‘The Port’ had a superb playing surface but it was too remote, with no public transport links and in 1899, Dundee moved to their current home of Dens Park. Dens Park was officially opened against St. Bernards on August 19th 1899 when Fred McDiarmid was awarded with a medal for scoring the first goal on the new ground and the move was the start of the good times for The Dee.

Twelve months previously, Dundee were saved from liquidation after poor gates had contributed to large debts and the part of the new committee’s strategy was increase attendances by relocating to the new ground. It was a move that paid off, as the crowds started to flock to Dens and with Dundee now regularly playing in the dark blue of Our Boys, they finished as runners-up in the Scottish League championship three times within the next decade.

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14 minutes ago, WoodStein said:

Well done finding that document, Harry...I think the use of "The" was just the normal business/legal language of the day, a bit victorian-influenced.

The meeting referred to in the text "...at a Public Meeting held in Gilfillan Hall on 20th December 1898,...." would, I think, have been the point where some local businessmen decided to invest in the Club, as part of both saving the club from imminent liquidation and the move from Carolina Port to Dens, as described in the extract below, from the DFC site's "History" section.

I'm not certain, but this registration with Companies House may have been the point where the first formal/legal shareholding was registered, suggesting that during the initial 1893-1899 years the Club may have been run on 'amateur' status, by "committee", rather than by a Board of Directors? I believe this was quite common among the many new football clubs being formed around the country. I'm sure one of those original shareholders was still going strong as a Director in the early 50's, when the two LC's were won & Billy Steel graced Dens. By the late 50's, the sons of a couple of those original shareholders were 'young' directors, who oversaw the title, lc/sc finals & european campaigns.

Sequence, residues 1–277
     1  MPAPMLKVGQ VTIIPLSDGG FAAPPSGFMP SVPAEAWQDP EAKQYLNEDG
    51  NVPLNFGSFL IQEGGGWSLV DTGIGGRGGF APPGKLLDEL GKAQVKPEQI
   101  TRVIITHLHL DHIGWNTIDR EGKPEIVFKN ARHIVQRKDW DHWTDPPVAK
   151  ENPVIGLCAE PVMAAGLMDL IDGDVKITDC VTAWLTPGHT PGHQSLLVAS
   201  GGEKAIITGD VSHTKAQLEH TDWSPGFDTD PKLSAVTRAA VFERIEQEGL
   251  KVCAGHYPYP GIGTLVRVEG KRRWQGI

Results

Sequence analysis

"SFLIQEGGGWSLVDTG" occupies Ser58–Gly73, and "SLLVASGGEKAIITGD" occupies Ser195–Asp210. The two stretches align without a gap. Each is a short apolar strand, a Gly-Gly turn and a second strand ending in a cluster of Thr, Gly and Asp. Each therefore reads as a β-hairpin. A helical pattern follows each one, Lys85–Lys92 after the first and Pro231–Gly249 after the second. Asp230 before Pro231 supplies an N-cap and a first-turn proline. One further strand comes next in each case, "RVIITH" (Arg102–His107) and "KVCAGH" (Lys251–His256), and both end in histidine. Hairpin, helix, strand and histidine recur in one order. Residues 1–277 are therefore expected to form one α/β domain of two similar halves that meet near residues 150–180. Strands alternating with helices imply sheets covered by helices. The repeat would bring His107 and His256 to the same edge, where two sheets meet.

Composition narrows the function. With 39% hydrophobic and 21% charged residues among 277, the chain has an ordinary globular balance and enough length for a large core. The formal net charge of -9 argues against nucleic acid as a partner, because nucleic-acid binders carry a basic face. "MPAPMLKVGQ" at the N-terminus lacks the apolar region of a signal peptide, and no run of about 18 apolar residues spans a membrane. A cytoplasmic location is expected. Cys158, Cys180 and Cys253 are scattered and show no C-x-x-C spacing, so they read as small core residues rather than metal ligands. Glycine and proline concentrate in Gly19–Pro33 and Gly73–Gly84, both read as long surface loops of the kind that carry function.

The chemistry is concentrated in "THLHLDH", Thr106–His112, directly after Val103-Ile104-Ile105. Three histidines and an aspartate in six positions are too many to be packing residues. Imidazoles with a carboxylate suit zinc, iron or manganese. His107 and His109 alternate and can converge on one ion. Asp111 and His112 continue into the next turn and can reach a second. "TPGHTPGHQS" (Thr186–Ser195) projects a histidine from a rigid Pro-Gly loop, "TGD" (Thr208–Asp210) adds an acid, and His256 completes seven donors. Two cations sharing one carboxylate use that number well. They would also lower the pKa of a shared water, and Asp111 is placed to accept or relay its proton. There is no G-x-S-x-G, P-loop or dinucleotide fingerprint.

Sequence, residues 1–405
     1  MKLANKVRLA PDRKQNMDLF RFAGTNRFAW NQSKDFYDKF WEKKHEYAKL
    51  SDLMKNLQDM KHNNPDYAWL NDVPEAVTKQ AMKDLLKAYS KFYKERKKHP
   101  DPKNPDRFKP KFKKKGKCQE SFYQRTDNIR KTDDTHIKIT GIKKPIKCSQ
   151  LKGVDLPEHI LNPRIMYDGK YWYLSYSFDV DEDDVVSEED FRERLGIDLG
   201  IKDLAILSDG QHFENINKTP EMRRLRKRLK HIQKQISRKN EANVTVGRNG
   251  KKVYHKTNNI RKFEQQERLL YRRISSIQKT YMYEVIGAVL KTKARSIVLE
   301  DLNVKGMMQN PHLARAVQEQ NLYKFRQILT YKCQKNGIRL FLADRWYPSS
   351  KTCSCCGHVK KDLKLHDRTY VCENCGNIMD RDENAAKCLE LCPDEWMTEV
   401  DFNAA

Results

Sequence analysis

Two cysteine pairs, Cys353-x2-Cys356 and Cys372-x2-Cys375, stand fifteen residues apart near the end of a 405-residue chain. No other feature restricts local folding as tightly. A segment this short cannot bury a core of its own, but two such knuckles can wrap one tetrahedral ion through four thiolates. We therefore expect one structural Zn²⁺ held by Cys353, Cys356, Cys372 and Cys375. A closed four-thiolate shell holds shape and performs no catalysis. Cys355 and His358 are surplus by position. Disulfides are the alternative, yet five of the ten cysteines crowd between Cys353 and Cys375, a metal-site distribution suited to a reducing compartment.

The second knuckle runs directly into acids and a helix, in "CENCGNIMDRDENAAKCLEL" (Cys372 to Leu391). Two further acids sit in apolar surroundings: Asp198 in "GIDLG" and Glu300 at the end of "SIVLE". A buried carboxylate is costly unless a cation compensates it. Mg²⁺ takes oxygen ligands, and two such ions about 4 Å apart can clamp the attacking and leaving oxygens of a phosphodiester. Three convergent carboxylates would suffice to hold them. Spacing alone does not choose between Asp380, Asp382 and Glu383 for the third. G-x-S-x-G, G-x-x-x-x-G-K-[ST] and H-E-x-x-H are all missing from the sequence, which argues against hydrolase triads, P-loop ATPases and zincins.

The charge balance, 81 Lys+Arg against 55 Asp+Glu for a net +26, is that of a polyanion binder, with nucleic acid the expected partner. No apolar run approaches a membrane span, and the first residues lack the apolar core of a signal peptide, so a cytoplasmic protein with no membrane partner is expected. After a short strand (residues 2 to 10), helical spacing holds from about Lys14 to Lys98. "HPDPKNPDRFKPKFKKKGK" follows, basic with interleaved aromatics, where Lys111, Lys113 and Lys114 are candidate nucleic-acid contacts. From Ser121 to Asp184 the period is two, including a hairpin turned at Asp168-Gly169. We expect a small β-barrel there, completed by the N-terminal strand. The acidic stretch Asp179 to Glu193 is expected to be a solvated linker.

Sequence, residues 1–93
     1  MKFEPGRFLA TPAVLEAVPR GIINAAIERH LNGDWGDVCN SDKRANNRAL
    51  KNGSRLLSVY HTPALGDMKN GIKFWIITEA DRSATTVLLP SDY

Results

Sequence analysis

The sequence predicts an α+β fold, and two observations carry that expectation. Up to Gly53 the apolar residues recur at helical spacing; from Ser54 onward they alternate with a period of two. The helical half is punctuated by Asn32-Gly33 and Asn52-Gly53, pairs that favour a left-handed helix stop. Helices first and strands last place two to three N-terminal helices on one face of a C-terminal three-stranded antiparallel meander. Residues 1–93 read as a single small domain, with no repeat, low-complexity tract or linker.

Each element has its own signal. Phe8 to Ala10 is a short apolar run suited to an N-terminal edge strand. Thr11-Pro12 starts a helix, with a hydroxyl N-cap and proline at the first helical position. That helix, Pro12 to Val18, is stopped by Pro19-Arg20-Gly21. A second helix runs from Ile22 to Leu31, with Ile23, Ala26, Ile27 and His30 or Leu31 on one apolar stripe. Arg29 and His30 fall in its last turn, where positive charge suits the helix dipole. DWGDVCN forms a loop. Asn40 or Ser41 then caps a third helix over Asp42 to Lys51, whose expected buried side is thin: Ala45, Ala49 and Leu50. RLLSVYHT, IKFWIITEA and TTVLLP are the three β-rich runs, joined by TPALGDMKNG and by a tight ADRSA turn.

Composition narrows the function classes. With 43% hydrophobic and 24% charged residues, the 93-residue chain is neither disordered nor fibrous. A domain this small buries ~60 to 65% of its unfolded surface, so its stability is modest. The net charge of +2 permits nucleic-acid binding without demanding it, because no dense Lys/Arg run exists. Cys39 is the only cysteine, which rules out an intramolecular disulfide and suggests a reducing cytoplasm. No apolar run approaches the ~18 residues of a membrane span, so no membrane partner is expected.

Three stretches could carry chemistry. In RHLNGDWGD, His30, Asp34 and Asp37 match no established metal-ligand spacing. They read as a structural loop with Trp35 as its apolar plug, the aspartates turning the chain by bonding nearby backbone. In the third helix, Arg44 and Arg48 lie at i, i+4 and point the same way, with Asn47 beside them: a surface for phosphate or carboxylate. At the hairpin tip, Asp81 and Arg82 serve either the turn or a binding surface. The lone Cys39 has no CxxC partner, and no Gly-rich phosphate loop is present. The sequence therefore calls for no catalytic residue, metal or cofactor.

extract from the DFC website page...   https://dundeefc.co.uk/club/history/our-story/

‘The Port’ had a superb playing surface but it was too remote, with no public transport links and in 1899, Dundee moved to their current home of Dens Park. Dens Park was officially opened against St. Bernards on August 19th 1899 when Fred McDiarmid was awarded with a medal for scoring the first goal on the new ground and the move was the start of the good times for The Dee.

Twelve months previously, Dundee were saved from liquidation after poor gates had contributed to large debts and the part of the new committee’s strategy was increase attendances by relocating to the new ground. It was a move that paid off, as the crowds started to flock to Dens and with Dundee now regularly playing in the dark blue of Our Boys, they finished as runners-up in the Scottish League championship three times within the next decade.

The full document is here if interested. Interestingly, we seem quite early in the day for the registration - just having a browse has Killie in 1906, Hearts in 1905, Hibs in 1905 - perhaps we're the first of the 19th century clubs there.

It would be interesting if we had someone with an interest in Victorian era law!